Many iPad apps are made by Microsoftâs former Courier team
A handful of executives who had worked on Microsoft’s dead project, Courier, have converted to become workers at companies that produce the same technology for Apple tablets. Now the dual-screen tablet technology is alive and kicking in iPad land. The team that once made up Courier at Microsoft are responsible for it vitality.
Just take FiftyThree Inc and Tapose as examples. The former has a few ex-Courier personnel, along with Xbox guys, developing and designing the app called Paper. The latter is headed by J. Allard, also a former Courier slave, now set free to do as he wishes in Apple land.
Courier’s target was to become an app to give dual screen capabilities to tablets. Up till 2010 it was sanctioned by Microsoft, who then cut it loose. Pioneer Studios also faltered in the wake, around May 2011. They had been responsible for such hits as Mobile, Zune, and Xbox consumer experiences.
The guys who were dropped when Pioneer Studios were severed, found their way into FiftyThree, which derives its name from the mystical number of centimeters measured from brain to heart to hand.
Allard, however, advises and finances Tapose development. He had been the chief experience officer at Microsoft and lead executive shepherding Pioneer Studios. When the Courier project was axed, Allard left, forcing the collapse of Pioneer Studios at Microsoft.
It was Allard who had a meeting with Bill Gates for a final evaluation of the suitability of Courier to the Microsoft empire. Ultimately, Allard failed to convince Gates. The chief disparaging factor was the lack of email support, though Courier was not designed to be a PC replacement of any sort. The concept was to put a gadget in the hands of designers and architects. Alland was hired, after all, to draw in Apple aficionados. In fact, other Microsoft staff had a bit of disdain for Alland, because he used iPod and Mac personally.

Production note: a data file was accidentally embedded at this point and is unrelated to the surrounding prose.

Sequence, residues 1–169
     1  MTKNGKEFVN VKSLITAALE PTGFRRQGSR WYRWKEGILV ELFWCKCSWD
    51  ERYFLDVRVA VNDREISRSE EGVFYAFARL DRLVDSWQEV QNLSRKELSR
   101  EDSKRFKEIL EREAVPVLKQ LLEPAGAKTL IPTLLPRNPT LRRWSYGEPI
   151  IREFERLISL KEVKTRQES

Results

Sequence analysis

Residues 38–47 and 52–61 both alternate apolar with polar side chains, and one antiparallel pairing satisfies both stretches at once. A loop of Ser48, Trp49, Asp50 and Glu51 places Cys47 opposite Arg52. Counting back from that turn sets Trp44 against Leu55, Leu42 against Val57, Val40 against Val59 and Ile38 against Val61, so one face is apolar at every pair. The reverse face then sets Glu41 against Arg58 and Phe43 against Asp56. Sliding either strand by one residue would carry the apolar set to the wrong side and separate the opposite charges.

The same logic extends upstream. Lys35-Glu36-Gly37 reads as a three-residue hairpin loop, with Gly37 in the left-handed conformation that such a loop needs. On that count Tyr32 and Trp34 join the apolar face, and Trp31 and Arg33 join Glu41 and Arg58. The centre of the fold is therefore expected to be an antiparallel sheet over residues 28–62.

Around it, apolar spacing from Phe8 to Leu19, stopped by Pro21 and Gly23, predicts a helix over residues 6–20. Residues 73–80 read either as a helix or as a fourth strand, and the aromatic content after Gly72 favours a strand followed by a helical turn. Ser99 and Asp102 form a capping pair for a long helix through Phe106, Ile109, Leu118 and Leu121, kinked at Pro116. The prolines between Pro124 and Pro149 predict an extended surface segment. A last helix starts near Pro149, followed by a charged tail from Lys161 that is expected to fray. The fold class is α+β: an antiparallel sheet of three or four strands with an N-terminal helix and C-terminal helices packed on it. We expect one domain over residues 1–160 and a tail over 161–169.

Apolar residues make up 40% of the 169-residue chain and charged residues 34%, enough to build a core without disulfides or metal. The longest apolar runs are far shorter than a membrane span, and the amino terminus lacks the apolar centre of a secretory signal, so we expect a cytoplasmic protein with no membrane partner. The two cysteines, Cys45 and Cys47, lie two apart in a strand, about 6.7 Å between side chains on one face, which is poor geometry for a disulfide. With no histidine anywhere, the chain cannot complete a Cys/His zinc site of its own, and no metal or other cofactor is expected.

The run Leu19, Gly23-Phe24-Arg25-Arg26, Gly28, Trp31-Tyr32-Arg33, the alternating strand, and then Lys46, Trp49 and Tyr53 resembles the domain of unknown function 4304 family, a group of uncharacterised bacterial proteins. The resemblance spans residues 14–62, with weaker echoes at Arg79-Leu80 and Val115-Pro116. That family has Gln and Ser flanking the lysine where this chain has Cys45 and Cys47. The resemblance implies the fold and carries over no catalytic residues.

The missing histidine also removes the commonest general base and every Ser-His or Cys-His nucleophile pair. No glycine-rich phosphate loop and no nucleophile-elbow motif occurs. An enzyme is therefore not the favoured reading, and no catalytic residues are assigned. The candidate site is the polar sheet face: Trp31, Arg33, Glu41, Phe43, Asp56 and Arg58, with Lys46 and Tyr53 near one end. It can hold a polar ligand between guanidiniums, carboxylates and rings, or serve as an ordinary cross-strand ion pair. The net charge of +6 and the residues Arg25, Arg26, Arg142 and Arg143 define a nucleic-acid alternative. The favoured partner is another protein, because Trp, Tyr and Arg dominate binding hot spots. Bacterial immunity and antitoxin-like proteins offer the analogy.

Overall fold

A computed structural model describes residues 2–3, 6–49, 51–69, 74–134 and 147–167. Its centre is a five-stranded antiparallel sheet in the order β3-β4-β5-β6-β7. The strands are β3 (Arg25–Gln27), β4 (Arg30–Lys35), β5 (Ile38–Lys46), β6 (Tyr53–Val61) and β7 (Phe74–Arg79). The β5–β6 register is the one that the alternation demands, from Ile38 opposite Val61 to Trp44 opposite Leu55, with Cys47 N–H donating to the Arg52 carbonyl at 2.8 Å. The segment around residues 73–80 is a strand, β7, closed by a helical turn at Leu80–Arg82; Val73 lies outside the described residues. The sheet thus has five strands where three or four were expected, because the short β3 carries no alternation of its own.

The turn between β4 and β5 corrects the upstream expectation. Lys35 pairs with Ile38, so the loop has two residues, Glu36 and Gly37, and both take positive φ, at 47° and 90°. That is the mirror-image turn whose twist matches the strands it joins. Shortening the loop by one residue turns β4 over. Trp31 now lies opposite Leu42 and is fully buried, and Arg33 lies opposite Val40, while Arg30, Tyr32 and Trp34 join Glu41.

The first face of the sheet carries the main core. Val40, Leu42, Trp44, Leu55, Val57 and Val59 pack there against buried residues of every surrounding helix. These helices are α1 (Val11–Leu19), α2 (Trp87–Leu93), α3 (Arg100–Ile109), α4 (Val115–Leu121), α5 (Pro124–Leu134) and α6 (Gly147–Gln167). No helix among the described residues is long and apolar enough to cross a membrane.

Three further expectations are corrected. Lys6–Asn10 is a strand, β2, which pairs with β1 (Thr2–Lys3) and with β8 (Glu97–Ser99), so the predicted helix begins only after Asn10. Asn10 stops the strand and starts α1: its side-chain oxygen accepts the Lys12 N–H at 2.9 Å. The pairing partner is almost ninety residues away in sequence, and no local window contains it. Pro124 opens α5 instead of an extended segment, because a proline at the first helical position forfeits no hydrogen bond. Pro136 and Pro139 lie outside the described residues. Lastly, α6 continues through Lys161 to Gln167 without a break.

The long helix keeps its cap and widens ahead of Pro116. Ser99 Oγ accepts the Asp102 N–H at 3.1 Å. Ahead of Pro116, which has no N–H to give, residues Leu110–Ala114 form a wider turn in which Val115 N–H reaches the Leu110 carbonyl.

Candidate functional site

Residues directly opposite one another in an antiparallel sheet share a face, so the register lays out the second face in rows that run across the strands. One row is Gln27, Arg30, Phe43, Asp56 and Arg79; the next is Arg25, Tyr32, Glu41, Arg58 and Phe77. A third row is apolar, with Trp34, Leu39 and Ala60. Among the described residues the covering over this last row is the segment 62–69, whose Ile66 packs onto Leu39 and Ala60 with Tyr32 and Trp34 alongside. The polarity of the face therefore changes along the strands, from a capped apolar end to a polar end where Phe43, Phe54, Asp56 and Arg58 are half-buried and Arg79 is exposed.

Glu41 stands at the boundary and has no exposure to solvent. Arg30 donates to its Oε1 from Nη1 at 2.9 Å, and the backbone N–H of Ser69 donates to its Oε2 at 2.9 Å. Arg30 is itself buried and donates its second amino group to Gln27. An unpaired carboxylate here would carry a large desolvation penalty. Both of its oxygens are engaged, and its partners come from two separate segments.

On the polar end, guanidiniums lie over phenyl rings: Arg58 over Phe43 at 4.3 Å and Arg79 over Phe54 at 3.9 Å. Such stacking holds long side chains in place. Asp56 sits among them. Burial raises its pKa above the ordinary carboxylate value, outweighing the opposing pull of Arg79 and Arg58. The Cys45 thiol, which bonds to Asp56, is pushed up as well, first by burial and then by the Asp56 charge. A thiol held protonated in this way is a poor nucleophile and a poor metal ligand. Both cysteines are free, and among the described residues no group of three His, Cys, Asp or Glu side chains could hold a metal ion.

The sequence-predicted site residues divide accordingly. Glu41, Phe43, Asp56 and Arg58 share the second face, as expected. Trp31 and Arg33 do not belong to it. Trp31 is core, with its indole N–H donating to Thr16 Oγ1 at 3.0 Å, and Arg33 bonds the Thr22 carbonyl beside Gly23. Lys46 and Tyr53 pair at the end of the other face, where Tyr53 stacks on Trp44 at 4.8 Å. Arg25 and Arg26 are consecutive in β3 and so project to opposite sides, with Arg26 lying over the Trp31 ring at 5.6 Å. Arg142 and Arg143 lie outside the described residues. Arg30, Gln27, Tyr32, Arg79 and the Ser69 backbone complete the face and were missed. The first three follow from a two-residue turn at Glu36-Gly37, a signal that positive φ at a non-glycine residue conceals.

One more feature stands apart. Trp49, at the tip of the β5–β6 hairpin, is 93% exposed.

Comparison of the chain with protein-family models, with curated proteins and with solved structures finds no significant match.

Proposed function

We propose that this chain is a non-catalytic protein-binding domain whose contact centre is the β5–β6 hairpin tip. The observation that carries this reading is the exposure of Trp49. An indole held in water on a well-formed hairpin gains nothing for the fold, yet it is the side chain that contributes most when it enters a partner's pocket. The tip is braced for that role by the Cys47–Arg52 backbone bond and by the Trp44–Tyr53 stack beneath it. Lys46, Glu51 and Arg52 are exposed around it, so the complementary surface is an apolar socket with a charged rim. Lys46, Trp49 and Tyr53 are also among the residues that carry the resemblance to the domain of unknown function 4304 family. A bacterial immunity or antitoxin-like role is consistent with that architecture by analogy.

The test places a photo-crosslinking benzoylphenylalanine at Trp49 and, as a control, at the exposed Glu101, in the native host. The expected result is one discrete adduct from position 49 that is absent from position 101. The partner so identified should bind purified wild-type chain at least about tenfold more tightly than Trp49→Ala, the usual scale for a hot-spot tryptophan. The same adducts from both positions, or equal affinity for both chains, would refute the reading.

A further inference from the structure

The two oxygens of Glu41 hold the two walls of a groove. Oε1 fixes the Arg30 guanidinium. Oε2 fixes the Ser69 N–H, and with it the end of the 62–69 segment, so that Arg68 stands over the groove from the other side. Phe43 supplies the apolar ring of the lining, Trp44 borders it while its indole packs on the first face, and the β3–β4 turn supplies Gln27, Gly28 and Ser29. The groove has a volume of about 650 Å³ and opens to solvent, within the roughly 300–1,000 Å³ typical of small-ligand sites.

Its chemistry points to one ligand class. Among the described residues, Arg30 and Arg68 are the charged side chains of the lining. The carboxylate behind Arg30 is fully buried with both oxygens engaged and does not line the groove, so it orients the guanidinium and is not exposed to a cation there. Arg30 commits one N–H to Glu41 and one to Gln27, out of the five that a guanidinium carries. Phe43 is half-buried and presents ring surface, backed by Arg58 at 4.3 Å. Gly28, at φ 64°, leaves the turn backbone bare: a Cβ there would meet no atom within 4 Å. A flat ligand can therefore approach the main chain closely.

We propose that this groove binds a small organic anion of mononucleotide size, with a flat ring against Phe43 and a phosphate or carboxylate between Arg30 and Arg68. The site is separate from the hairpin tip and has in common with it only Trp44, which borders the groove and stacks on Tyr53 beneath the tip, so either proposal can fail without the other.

Microsoft could have had the Courier ready ahead of the iPad 3 launch, but now, if they are going to compete with Apple at all on this level, they will be far behind everyone in the game. This seems to be par for Microsoft lately.
As for Tapose, its iPad app broke loose March 27 and can be had for a mere $ 2.99. They did indicate an interest to port it to Windows 8. However, Microsoft is placing its bets all on Windows 8. More unfortunately sounding like the evil land in Lord of the Ring, is the codename for a Courier-like feature in Office.
We wouldn’t have expected any different from the Redmond Washington giant. They are allergic to style, creativity, and fashionable computing. While they think of themselves as the functional and more practical software apps developers, everyone knows how obtuse their user experiences are. They are riding on their monopoly, which unfortunately, the judicial systems have no way of reigning in. So we can only watch and wait for the cool Apple apps and cheer on the truly creative geniuses.